Butyl Acrylate - Explore the Science & Experts | ideXlab

Scan Science and Technology

Contact Leading Edge Experts & Companies

Butyl Acrylate

The Experts below are selected from a list of 303 Experts worldwide ranked by ideXlab platform

Krzysztof Matyjaszewski – 1st expert on this subject based on the ideXlab platform

  • calorimetric study of block copolymers of poly n Butyl Acrylate and gradient poly n Butyl Acrylate co methyl methAcrylate
    Polymer, 2002
    Co-Authors: A Buzin, Bernhard Wunderlich, M Pyda, Philip J Costanzo, Krzysztof Matyjaszewski

    Abstract:

    Abstract The nanophase separation in diblock and triblock copolymers consisting of immiscible poly(n-Butyl Acrylate) (block A) and gradient copolymers of methyl methAcrylate (MMA) and n-Butyl Acrylate (nBA) (block M/A) were investigated by means of their heat capacity, Cp, as a function of the composition of the blocks M/A and temperature. In all copolymers studied, both blocks are represented by their Cp and glass transition temperature, Tg, as well as the broadening of the transition-temperature range. The low-temperature transition of the blocks A is always close to that of the pure poly(n-Butyl Acrylate) and is independent of the analyzed compositions of the block copolymer, but broadened asymmetrically relative to the homopolymer due to the small phase size. The higher transition is related to the glass transition of the copolymer block of composition M/A. Besides the asymmetric broadening of the transition due to the phase separation, it decreases in Tg and broadens, in addition, symmetrically with increasing Acrylate content. The concentration gradient is not able to introduce a further phase separation with a third glass transition inside the M/A block.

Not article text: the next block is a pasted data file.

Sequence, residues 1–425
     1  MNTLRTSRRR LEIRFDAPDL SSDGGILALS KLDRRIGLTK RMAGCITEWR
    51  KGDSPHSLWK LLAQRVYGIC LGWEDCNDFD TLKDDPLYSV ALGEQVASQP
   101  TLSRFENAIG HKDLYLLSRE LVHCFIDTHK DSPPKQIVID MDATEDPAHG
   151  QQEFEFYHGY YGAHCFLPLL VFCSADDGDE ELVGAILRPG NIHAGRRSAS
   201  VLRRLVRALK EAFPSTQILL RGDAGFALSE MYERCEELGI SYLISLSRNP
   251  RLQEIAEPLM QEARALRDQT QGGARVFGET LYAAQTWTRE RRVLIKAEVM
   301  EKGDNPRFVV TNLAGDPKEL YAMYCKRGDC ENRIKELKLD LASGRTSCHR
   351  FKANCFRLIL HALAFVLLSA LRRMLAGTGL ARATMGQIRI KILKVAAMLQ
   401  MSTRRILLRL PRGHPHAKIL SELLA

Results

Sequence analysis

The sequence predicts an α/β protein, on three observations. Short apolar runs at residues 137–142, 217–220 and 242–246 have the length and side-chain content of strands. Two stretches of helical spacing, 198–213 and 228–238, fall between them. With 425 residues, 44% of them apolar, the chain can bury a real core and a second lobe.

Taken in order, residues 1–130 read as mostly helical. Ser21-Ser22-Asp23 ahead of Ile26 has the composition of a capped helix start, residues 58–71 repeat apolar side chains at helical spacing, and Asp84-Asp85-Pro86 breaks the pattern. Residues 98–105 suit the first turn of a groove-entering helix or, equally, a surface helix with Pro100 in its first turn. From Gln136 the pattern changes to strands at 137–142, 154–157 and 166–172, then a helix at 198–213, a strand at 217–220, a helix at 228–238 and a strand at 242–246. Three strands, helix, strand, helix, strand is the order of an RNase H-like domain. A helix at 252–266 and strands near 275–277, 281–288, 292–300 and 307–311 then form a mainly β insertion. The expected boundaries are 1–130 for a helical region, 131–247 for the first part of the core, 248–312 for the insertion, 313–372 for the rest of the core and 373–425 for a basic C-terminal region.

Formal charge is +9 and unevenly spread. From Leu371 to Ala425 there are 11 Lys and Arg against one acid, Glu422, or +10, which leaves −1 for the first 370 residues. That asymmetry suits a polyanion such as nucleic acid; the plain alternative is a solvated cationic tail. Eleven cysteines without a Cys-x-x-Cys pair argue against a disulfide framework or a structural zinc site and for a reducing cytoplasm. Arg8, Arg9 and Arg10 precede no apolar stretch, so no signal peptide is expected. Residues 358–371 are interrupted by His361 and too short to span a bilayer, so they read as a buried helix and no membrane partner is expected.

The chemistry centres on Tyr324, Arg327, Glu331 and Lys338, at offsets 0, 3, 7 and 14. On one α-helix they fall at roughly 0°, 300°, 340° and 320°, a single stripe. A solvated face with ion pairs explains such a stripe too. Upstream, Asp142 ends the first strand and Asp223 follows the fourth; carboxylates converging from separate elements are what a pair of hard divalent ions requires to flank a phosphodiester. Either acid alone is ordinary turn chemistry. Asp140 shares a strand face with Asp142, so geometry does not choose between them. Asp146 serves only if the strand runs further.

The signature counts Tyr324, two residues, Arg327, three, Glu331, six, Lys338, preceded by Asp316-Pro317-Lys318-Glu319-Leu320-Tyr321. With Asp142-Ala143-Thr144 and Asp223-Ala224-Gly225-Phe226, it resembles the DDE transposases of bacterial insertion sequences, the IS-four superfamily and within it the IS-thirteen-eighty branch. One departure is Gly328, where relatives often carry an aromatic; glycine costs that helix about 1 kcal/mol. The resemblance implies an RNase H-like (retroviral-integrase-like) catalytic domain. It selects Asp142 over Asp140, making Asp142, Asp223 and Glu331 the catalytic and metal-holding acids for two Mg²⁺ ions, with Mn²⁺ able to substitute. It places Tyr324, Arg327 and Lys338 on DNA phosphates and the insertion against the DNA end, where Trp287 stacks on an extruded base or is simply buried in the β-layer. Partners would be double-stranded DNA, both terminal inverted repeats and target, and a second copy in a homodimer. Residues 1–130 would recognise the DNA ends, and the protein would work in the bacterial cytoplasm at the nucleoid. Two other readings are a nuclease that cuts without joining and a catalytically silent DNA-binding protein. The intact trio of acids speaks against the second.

• atom transfer radical polymerization of tert Butyl Acrylate and preparation of block copolymers
    Macromolecules, 2000
    Co-Authors: Krzysztof Matyjaszewski

    Abstract:

    Atom transfer radical polymerization (ATRP) of tert-Butyl Acrylate is reported. Controlled polymerizations were performed using a CuBr/N,N,N‘,N‘ ‘,N‘ ‘-pentamethyldiethylenetriamine catalyst system in conjunction with an alkyl bromide as the initiator. Low molecular weight polymers with narrow molecular weight distributions were obtained by the addition of a solvent to create a homogeneous catalytic system. The addition of the solvent was necessary to decrease the polymerization rate and afford low polydispersity materials. This differs from the ATRP of methyl or n-Butyl Acrylate using this catalytic system, which do not require the addition of a solvent to obtain well-defined polymers. Subsequent hydrolysis of the polymer in refluxing dioxane with addition of HCl afforded poly(acrylic acid). Characterization using 1H NMR and FT-IR confirmed complete hydrolysis of the ester group. Further use of poly(tert-Butyl Acrylate) as a macroinitiator for block copolymerizations followed by hydrolysis of the ester g…

  • atom transfer radical copolymerization of styrene and n Butyl Acrylate
    Macromolecules, 1999
    Co-Authors: Stephen V Arehart, Krzysztof Matyjaszewski

    Abstract:

    Styrene and n-Butyl Acrylate were copolymerized by atom transfer radical polymerization catalyzed by CuBr/4,4‘-di(5-nonyl)-2,2‘-bipyridine. Composition was consistent with a simple terminal model analysis and was independent of [CuBr]0, [I]0, and temperature for copolymerizations with initial feed content of styrene (fst)0 = 0.510. Monomer reactivity ratios evaluated from experimental data by nonlinear least-squares calculations were 0.68 ≤ r1 ≤ 0.82 and 0.22 ≤ r2 ≤ 0.26. 13C NMR spectra of styrene/n-Butyl Acrylate copolymers were very similar to copolymers prepared through conventional radical polymerizations, indicating that carbon-centered free radicals were generated under these conditions. Conversion/molecular weight plots showed no evidence of transfer, though measured molecular weights were consistently higher than theoretical ones. Semilogarithmic plots of monomer conversion versus time were nonlinear, indicating an irreversible termination reaction whose contribution decreases with decreasing tem…